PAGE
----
After a decade of living in each other’s pockets, Mattafix came to a natural end. “Preetesh and I weren’t getting along creatively,” states Roudette numbly. “That was quite difficult as I always thought we’d make records together forever.” It was just one of a number of factors that were darkening his life.
“It was a period of loss. I was engaged and managed to screw that up quite royally – all the trappings that come with being in your early twenties and on tour, having bit of money and all the rest of it. It felt like it was the end of the world. And my label at the time lost faith in me too. So it was a lot of different types of loss that triggered an emotional time, but it was a very creative period too.”
After taking a break with his mother back in Saint Vincent, Roudette returned to the UK freshly inspired in the face of adversity. The songs emerged at a dramatic rate – not that their creator had any real plans for them. “It was therapeutic,” he summarises. “I didn’t know what they would be written for. The decision to go solo came much later. Eventually I listened to people around me and thought it’s time to put my name on it, even though I’m quite a reluctant frontman.”
What emerged was a collection of poignant, reflective and deeply personal songs including ‘Riding Home’, an autobiographical tale of his dual past in London and Saint Vincent, ‘The Loss’ which was written in tribute to his late grandmother, an inspirational figure despite losing her sight as a child, and ‘New Age’ which epitomised the album’s core theme of overcoming life’s trials and tribulations.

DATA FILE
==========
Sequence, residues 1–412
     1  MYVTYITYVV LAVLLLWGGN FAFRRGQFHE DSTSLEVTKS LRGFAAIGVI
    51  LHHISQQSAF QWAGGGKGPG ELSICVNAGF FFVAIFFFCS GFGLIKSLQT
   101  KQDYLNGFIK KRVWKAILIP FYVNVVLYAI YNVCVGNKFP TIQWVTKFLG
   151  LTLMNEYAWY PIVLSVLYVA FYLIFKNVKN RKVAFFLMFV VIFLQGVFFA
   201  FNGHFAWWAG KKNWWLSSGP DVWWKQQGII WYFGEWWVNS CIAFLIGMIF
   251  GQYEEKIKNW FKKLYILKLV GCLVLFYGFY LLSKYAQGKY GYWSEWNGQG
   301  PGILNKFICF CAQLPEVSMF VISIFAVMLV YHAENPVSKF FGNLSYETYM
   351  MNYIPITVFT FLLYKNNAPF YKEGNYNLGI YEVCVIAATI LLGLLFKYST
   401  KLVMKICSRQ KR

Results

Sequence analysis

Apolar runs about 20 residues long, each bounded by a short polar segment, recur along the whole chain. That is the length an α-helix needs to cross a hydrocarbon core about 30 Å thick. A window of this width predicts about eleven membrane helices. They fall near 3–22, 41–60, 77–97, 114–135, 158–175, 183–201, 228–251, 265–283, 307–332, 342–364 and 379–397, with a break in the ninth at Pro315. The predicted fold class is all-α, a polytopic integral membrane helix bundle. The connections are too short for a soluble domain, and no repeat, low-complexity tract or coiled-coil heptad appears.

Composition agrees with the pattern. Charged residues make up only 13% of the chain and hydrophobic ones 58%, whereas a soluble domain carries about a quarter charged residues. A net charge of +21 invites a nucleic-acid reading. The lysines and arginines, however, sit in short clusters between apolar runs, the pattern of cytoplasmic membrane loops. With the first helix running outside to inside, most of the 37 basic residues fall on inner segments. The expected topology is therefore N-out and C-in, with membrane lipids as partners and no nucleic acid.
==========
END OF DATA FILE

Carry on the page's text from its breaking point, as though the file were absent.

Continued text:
The next challenge was a lack of finance. An enviable list of talent – including Guy Chambers, Brian West, Paul O’Duffy and Kwamé Holland – showed enough faith in Roudette to work for little more than an IOU. Even the BRIT and MOBO winner Finley Quaye assisted by contributing vocals and guitar during an improvised session which created ‘True To Yourself’.
With the album largely completed, Roudette still needed further finance to cover both the mixing of the album and the creation of a video for its first single. “In this new no-rulebook era of the music business, we decided to sign a deal for one territory to get enough dough to finish the record,” he explains, reiterating the great reception that Mattafix had always enjoyed in Germany. “We thought that with six to twelve months of hard graft and touring, we’d get somewhere.”
That deal was concluded at the close of 2010. With the album and Roudette’s co-directed video for ‘New Age’ completed, the single was taken to radio at the start of the summer. Two weeks later it exploded and hit the top of the charts where it remained for six weeks. Sure enough, he says proudly, all of the IOUs were soon paid back. The album’s artwork even pays homage to his past, with a collection of photos of his past life accompanied by lyrics that were handwritten by Johnny Dollar’s daughter.
The result is ‘Matter Fixed’, an album of universal music which comes straight from the heart and embraces the soul. “The difference between this album and anything I’ve done before is the personal vibe”, concludes Roudette with a beatific smile. “I’ve literally just told my life as it is.”